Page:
Henry Hernandez served half of his two years in the custody of the Department of Juvenile Justice at the Preston Youth Correctional Facility. The initial intake dorm he stayed in was overcrowded with more than 60 youth from rival gangs fighting everyday, he said. Fights of more than five guys at a time broke out almost every week. The guards would use pepper spray or gas bombs to get things under control.
“There would be so much tension,” Hernandez said.
Pictures of kids in cages at what was then called California Youth Authority facilities adorned the front pages of California newspapers in the early 2000s. Media stories in the first half of that decade charged the Youth Authority with a range of abuses, including unlicensed medical and mental health treatment, and extreme use of force and solitary confinement.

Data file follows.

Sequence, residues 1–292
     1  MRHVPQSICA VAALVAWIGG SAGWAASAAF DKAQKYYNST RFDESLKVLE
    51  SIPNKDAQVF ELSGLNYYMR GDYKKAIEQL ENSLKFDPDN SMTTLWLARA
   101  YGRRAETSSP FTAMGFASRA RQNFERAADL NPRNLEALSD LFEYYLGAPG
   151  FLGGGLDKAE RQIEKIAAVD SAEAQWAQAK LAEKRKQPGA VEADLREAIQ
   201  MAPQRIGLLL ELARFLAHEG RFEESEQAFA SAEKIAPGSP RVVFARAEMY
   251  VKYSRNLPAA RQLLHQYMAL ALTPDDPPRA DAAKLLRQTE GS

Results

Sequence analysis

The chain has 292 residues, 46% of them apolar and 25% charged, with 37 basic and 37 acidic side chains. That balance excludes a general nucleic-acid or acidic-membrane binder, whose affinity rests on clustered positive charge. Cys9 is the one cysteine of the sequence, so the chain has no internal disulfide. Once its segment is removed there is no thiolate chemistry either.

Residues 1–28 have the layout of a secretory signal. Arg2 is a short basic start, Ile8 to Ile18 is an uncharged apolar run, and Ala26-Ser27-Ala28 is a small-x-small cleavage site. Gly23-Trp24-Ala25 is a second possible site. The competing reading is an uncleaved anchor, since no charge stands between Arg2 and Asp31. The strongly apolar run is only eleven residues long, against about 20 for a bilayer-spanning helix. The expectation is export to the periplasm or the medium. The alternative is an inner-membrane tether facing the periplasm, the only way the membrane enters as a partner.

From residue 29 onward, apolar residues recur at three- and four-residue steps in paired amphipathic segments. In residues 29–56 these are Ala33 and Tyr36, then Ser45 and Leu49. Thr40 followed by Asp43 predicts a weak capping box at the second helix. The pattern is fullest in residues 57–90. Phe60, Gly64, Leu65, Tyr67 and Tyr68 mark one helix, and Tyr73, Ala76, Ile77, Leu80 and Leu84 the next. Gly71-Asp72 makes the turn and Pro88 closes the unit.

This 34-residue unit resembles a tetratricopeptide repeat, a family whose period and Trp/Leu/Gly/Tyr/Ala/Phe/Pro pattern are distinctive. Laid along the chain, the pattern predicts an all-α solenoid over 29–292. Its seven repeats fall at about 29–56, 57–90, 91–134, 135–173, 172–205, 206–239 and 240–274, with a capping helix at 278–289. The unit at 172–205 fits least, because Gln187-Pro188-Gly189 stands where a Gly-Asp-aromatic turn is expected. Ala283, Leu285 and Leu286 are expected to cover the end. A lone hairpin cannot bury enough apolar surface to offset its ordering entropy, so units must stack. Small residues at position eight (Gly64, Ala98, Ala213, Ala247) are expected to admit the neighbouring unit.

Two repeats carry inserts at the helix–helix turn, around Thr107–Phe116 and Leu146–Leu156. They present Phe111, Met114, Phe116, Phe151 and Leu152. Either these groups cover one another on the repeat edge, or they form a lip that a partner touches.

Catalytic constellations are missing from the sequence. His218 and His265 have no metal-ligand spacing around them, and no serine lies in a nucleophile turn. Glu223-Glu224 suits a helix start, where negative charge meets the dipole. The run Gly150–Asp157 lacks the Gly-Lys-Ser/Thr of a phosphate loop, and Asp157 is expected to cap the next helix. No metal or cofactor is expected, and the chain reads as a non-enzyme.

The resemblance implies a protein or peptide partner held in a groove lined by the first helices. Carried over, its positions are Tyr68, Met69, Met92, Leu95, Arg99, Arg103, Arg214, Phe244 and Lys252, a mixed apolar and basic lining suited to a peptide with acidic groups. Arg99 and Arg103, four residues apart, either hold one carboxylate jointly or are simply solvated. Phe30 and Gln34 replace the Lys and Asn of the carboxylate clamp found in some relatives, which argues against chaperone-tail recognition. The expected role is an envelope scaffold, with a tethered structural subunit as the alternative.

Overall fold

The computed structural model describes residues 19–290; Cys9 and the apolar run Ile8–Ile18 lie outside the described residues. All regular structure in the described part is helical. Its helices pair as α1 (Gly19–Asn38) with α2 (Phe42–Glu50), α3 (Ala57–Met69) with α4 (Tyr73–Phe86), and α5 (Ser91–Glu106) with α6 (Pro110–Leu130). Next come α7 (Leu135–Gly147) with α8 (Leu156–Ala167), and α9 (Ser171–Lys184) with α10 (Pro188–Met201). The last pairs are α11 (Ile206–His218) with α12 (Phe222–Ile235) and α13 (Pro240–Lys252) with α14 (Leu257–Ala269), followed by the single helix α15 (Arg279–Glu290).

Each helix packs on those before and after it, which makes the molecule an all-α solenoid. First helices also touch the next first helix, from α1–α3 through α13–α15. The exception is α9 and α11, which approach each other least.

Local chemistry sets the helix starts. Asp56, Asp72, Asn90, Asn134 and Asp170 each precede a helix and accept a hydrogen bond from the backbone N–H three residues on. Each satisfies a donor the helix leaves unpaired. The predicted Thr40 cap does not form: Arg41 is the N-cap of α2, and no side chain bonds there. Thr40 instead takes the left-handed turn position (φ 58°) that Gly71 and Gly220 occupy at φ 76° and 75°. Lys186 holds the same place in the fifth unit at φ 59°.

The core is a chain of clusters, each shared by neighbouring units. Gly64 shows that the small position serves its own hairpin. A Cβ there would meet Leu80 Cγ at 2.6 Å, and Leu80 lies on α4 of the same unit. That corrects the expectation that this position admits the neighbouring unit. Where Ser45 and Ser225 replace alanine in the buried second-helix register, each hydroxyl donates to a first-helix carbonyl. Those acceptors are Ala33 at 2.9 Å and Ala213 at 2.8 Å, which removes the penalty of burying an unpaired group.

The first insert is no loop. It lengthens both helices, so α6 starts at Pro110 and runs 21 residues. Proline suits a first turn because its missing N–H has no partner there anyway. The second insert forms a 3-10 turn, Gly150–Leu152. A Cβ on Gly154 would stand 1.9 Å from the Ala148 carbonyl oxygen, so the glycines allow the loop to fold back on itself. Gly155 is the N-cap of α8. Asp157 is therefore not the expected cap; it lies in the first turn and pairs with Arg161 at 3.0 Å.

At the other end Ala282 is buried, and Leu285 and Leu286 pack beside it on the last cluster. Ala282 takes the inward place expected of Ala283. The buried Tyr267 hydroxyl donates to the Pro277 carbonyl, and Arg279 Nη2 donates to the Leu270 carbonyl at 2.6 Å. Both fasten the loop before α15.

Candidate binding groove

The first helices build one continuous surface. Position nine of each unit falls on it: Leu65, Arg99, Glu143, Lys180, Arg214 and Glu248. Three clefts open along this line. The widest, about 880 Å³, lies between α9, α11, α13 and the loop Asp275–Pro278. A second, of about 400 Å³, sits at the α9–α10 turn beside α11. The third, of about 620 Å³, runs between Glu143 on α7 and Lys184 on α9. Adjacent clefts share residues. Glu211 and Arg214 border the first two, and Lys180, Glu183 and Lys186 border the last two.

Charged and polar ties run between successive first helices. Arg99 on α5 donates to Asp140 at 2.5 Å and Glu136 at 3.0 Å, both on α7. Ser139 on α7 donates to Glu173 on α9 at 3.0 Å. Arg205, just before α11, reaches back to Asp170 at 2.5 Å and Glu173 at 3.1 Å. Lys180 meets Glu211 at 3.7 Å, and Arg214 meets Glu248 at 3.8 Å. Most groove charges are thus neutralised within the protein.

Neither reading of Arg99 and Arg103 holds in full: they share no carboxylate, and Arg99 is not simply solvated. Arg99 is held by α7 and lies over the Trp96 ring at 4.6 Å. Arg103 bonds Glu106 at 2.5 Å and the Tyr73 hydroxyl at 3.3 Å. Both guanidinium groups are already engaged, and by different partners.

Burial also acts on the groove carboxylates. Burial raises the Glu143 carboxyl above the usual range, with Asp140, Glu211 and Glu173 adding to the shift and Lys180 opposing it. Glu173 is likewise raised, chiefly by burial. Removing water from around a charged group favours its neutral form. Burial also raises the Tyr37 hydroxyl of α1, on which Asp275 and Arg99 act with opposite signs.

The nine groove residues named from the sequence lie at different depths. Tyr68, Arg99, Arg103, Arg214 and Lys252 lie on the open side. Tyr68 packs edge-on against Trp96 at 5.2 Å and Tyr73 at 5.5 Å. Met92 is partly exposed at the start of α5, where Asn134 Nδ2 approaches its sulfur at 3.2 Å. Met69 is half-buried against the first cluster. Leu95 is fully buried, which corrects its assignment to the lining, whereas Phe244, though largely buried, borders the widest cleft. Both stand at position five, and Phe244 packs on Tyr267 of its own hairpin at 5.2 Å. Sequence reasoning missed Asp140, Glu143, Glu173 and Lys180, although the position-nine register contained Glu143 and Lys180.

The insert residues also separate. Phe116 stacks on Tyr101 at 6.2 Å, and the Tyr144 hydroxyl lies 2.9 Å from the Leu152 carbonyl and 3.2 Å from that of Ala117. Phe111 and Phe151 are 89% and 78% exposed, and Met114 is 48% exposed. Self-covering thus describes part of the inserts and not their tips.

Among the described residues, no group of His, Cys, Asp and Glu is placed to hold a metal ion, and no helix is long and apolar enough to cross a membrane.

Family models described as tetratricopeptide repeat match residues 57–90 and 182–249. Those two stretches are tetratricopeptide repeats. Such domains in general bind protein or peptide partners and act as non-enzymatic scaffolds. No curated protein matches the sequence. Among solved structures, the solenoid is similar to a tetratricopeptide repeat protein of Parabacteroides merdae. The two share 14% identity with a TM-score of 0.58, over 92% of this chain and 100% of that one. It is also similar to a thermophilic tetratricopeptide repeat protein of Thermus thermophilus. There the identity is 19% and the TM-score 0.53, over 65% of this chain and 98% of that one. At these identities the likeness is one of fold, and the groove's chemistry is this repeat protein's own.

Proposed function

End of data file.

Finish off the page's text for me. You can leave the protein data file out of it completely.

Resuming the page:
Reforms to the juvenile justice system then reduced the population of the Youth Authority, now called the Division of Juvenile Justice, by 88% over the past decade.
Today, DJJ handles less than one percent of the 225,000 youths arrested in California each year.
Almost all the youth left in DJJ, about 1,200 people, are serious violent juvenile offenders or serious sex offenders, according to DJJ reports.
Last Thursday Gov Brown suggested eliminating DJJ altogether in his proposed budget plan. If the Legislature passes the plan the responsibility for these youth would shift back to the counties.
But even if the budget doesn’t pass as proposed there is a possibility that DJJ will close, and these serious juvenile offenders will be sent to state prison with adults.